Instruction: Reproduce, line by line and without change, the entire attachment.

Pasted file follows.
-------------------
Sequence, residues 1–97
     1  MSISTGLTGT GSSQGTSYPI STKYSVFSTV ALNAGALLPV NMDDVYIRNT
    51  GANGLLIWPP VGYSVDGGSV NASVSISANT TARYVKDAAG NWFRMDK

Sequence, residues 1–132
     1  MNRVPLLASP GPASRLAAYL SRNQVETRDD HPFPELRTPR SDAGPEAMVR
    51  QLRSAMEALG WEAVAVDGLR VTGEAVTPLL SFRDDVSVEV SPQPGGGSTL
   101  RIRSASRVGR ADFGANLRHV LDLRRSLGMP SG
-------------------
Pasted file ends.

Sequence, residues 1–97
     1  MSISTGLTGT GSSQGTSYPI STKYSVFSTV ALNAGALLPV NMDDVYIRNT
    51  GANGLLIWPP VGYSVDGGSV NASVSISANT TARYVKDAAG NWFRMDK

Sequence, residues 1–132
     1  MNRVPLLASP GPASRLAAYL SRNQVETRDD HPFPELRTPR SDAGPEAMVR
    51  QLRSAMEALG WEAVAVDGLR VTGEAVTPLL SFRDDVSVEV SPQPGGGSTL
   101  RIRSASRVGR ADFGANLRHV LDLRRSLGMP SG